After nearly three decades of vacancy, the warehouses and airplane hangars of the former Loring Air Force Base have acquired new tenants — millions of freshly harvested Aroostook County potatoes.
The potatoes are as out of place as they look at Loring — which has been largely vacant since the military shut the base down in the mid-1990s and it was reinvented as Loring Development Authority. The County’s potato farmers storing their crops there have never had to do so in the past, but the yield from this year’s harvest is so large that many farmers have had to get creative with stashing their spuds.
After 2020 — when drought shrank the harvest and pandemic supply chain breakdown shrank the revenues — some farmers are reporting crop yields as much as 20 percent larger than anticipated this year.
While the yield is largely good news, the sheer size of the 2021 harvest is creating new problems for some farmers, who now need to find and then adapt to makeshift storage facilities that aren’t built to preserve the quality of the potatoes.
“You kind of have a hunch in the spring — how quick the crop comes up and how good it looked and the stands looked very good. But it doesn’t really hit you until you’re really digging the crop,” Caswell-based farmer Bret Butler said. “It blew me away, really.”
On top of the storage facilities he already has, Butler bought a new potato house this season when he realized how large his yield would be. Then when that filled up, he turned to Loring. In the six years since he started farming, Butler has never had a harvest like this.
Truckloads of Butler Farms potatoes arrived at the base on Wednesday, where employees used huge conveyor belts to fill the football field-sized military storage facility he’s renting. And with 150 acres left to dig, Butler thinks he may need to find even more storage.
Down the road, just 10 percent of Guerrette Farm’s total harvest has filled a large L-shaped warehouse in Loring’s Blue Goose complex. Farmer Brian Guerrette is grateful for Loring stepping in at the last minute to make space available, but said there are issues with storing potatoes in temporary facilities like this.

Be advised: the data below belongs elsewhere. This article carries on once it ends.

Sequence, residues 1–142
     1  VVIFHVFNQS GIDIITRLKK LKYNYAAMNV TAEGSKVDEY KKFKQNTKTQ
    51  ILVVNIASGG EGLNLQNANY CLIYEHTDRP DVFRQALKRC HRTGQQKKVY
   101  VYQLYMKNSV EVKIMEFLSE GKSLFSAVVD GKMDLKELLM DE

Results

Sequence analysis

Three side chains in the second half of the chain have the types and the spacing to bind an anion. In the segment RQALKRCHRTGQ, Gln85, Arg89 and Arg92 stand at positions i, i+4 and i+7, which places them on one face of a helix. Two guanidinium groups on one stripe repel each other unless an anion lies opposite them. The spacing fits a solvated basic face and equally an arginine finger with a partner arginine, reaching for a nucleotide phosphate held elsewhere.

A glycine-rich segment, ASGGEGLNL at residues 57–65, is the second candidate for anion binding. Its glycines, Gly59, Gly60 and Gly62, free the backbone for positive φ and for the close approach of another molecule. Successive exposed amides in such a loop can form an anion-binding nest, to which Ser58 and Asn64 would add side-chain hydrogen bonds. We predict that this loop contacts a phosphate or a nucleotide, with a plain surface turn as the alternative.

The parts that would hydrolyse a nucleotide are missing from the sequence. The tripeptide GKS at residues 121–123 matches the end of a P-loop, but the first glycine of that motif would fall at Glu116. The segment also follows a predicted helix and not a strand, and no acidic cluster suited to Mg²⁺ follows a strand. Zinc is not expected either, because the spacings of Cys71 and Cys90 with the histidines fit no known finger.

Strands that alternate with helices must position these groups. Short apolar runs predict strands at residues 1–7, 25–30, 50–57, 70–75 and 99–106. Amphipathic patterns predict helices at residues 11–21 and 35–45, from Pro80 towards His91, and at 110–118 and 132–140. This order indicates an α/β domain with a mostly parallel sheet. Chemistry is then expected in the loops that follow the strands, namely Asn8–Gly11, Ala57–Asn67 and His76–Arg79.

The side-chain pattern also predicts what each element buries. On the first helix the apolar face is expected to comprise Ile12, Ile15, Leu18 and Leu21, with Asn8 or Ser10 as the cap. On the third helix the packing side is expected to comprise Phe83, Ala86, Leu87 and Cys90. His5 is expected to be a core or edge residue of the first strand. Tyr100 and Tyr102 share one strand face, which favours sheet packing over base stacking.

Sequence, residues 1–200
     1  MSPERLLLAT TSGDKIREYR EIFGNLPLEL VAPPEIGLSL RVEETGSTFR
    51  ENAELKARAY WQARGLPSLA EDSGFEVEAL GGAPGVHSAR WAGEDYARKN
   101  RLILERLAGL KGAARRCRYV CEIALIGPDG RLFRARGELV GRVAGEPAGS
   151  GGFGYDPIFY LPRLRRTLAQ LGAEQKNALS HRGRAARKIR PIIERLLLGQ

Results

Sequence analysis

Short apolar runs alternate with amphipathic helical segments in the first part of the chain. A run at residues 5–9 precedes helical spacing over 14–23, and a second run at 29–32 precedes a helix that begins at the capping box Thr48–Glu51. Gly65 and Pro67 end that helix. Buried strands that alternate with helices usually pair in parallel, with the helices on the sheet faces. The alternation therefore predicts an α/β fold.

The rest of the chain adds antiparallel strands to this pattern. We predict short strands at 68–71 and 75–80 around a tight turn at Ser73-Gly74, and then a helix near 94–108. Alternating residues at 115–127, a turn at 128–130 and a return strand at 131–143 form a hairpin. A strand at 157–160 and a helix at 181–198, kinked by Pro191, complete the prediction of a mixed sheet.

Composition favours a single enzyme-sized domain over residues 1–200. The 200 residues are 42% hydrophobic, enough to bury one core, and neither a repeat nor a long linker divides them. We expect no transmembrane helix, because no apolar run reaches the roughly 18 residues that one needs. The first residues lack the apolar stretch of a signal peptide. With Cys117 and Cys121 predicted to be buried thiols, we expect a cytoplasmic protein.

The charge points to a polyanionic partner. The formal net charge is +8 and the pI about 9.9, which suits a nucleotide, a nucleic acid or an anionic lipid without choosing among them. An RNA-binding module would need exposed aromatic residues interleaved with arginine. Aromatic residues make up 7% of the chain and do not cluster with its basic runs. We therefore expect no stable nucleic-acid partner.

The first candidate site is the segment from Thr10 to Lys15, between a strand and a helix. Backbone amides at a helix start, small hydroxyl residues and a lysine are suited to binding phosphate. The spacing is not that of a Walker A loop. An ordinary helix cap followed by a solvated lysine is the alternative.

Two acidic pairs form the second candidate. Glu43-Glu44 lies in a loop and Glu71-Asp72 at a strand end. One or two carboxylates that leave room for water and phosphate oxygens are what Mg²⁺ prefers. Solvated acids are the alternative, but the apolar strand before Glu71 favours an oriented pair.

The weather has been unseasonably warm, and unlike regular potato houses, Loring’s buildings lack climate control mechanisms.
On Wednesday afternoon, it was 70 degrees on the base. Inside Guerrette’s building, the potatoes were at roughly 60 degrees, but he’s trying to get them down to 50 — a safer long-term storage temperature.
Without the ability to carefully tune the environment to protect the potatoes from the heat, Guerrette has had to come up with other ways to preserve the condition of the crop.
Rather than simply stacking the potatoes on the ground, for example, Guerrette and his crew laid down large plastic piping first, to move air under the pile and keep the crop ventilated. As for the temperature, much of that will likely come down to luck and the changing seasons.
“Colder weather is guaranteed really soon,” Guerrette said. “This type of storage, it’s certainly better with cooler temperatures.”
While lots of farmers are now grappling with this problem, they may be in luck. The crop isn’t only big, the potatoes are in really good condition, Maine Potato Board president Don Flannery said.
“We have a very high quality crop this year — that’s important when you’re putting your crop in temporary storage,” Flannery said. “If we’d had a lot of rain just before harvest, you may have had problems with soft rot.”
Aroostook County can thank Mother Nature for the success of this year’s harvest overall, Flannery said. Although Maine remains in a years-long drought pattern, the rain fell off and on throughout the summer, and the weather never got too hot to stifle potato growth. Or as Flannery puts it: “the planets lined up.”
The next challenge will be finding a place to sell all the excess potatoes. Most of Butler’s potatoes are already contracted — he sells to frozen and refrigerated potato manufacturers like McCain Foods, Pineland Farms Potato Company and Penobscot McCrum.
But the supply chain hasn’t totally healed from the past year and a half of worker and supply shortages. Half of the potatoes Butler is going to store at Loring were supposed to go straight from the ground to McCain, but the processor hasn’t been able to handle as many potatoes as usual this year. McCain did not immediately respond to a request for comment Thursday morning.
“It’s a good crop. I don’t think we’ll have a problem moving it. It’s just when, is the question,” Butler said. “I hope we don’t have to sit on these in cold storages. Everyone has stuffed potatoes in places they probably never would have imagined … I hope everyone gets out of it alright here.”
Butler is hoping that the spectacular conditions in Aroostook County will give farmers an advantage in selling the potatoes outside their regular market.
“The quality is good enough that we can maybe compete with the [American] West, since they had a drought,” he said. “Maybe that will help get rid of some of these extra potatoes.”